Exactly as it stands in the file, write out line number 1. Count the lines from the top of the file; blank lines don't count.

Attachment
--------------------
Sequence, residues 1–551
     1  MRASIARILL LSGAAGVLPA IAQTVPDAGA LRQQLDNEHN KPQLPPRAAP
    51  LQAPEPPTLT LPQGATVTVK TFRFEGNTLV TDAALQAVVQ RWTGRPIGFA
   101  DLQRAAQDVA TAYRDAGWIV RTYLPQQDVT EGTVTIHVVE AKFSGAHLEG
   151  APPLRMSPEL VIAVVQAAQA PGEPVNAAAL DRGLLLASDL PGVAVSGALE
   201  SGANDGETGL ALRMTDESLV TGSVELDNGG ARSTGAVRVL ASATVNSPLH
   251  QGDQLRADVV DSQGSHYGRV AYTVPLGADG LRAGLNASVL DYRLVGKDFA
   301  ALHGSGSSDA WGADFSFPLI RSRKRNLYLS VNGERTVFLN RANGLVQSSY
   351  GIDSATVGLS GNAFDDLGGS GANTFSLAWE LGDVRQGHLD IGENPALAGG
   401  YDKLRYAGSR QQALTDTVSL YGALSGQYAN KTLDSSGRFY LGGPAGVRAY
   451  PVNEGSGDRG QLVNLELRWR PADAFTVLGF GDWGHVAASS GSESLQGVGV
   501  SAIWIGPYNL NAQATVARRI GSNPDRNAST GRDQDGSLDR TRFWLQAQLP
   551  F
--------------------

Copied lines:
Sequence, residues 1–551